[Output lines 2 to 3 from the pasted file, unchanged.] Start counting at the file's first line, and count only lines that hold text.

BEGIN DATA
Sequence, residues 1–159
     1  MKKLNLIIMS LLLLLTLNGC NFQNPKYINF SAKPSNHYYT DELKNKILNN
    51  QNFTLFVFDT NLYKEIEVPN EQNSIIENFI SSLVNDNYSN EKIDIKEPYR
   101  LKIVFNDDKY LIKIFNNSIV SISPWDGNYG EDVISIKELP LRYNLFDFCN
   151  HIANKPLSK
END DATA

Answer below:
     1  MKKLNLIIMS LLLLLTLNGC NFQNPKYINF SAKPSNHYYT DELKNKILNN
    51  QNFTLFVFDT NLYKEIEVPN EQNSIIENFI SSLVNDNYSN EKIDIKEPYR